Neurodegenerative disorders

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The neurodegenerative diseases are common disorders in which there is degeneration of specific groups of neurons or brain areas, causing characteristic clinical syndromes.

Motor neuron disease (amyotrophic lateral sclerosis) causes paralysis, due to death of motor neurons in the motor cortex, brain stem and spinal cord}.

Motor neuron disease is a progressive neurodegenerative disease. It is mainly seen in old age, a small number of patients presenting in middle age.
Disease typically begins as mild weakness in one limb. There is then progression to severe paralysis, with loss of swallowing and respiration leading to death in 2-3 years. The cause of the disease is unknown.

Different sub-types relate to the loss of different groups of motor neurons:

Amyotrophic lateral sclerosis is the most common pattern, showing loss both of cortical motor neurons and lower motor neurons in the spinal cord and brain stem.

Progressive bulbar palsy is common, shows loss of brain stem motor neurons

Progressive muscular atrophy is uncommon and shows loss restricted to spinal lower motor neurons.

Primary lateral sclerosis is rare and shows loss of neurons restricted to the motor cortex.

There is loss of motor neurons from cortex, brain stem and cord, and gliosis with secondary degeneration of motor tracts. Inclusion bodies containing the protein ubiquitin are found in surviving neurons.

Parkinson's disease results from loss of neurons from the substantia nigra.

Parkinson's disease is a movement disorder that mainly affects patients over the age of 45 years. It is clinically characterized by disturbance of movement with rigidity, slowness of voluntary movement (bradykinesis), and rest tremor. Severity of disease is related to loss of the neuromelanin-containing nerve cells from the substantia nigra in the midbrain; these cells normally produce dopamine, their loss reducing the amount of dopamine in the basal ganglia.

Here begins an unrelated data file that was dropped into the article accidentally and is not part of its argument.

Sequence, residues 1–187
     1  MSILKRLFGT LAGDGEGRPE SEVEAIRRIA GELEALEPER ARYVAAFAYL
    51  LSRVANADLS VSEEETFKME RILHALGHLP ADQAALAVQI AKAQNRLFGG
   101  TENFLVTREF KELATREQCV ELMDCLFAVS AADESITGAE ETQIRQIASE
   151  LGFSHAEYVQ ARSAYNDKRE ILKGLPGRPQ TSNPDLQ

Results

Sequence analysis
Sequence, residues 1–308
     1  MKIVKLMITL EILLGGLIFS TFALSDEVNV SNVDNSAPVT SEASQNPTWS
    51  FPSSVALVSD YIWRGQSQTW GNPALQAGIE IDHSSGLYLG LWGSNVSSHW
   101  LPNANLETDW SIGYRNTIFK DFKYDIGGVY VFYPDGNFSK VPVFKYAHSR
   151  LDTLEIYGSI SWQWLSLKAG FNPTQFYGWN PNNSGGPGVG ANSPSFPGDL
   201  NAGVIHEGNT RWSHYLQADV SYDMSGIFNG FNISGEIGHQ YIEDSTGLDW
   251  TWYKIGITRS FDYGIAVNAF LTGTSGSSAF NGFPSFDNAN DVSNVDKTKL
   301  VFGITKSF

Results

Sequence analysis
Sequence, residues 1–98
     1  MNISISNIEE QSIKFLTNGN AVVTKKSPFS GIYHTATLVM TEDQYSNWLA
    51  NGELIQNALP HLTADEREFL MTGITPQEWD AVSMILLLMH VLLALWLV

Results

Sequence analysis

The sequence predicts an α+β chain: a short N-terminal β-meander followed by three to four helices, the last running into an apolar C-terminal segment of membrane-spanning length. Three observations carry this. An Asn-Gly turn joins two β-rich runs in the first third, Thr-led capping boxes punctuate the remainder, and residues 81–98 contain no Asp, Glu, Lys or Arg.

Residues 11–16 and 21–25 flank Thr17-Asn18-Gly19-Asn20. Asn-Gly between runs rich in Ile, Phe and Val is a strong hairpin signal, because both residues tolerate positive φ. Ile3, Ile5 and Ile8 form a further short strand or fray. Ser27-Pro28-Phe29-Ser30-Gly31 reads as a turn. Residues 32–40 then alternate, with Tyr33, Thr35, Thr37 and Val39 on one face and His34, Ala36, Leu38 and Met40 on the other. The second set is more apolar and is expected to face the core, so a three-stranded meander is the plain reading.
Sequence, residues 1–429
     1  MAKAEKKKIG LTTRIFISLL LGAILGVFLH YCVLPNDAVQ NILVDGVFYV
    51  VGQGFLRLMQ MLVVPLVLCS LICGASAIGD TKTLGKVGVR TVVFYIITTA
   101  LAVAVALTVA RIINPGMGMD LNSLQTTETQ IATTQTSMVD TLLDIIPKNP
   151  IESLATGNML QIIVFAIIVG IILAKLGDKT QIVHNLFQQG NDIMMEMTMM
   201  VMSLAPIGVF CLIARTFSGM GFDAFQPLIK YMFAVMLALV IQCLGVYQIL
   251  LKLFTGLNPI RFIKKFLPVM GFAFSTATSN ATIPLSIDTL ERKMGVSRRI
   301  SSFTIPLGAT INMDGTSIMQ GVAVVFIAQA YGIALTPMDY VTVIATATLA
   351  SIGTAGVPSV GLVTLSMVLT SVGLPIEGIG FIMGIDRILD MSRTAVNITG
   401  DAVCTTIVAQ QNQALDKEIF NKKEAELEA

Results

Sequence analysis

Macroscopically, there is loss of pigment from the substantia nigra, which is the result of death of the melanin-containing dopaminergic cells. The surviving cells in the substantia nigra contain spherical inclusions termed Lewy bodies.

The cause of Parkinson's disease is unknown. The disease may be symptomatically treated by administration of drugs that correct the neurotransmitter imbalance, e.g. l-dopa. The natural history of the disease is for patients to develop failure of response to treatment, with death eventually occurring from wasting and poor nutritional intake.

In this section through the midbrain, pigmented neurons have been lost from the substantia nigra (between lines), which is abnormally pale.
Lewy bodies are spherical inclusions seen in the melanin-containing neurons in Parkinson's disease. Typically they have a hyaline core and a pale halo. They are based on aggregated neurofilaments.

Huntington's disease is an autosomal dominant disease causing chorea and dementia

Huntington's disease is a neurodegenerative disease causing choreiform movements and dementia, with onset in middle life. The disease is an autosomal dominant disorder with a prevalence of approximately 1 in 20,000; the gene has been characterized at its location in the short arm of chromosome 4.

Macroscopically the brain shows atrophy of the caudate and putamen due to cell loss and gliosis, and careful measurements have shown subtle loss of neurons from the cerebral cortex.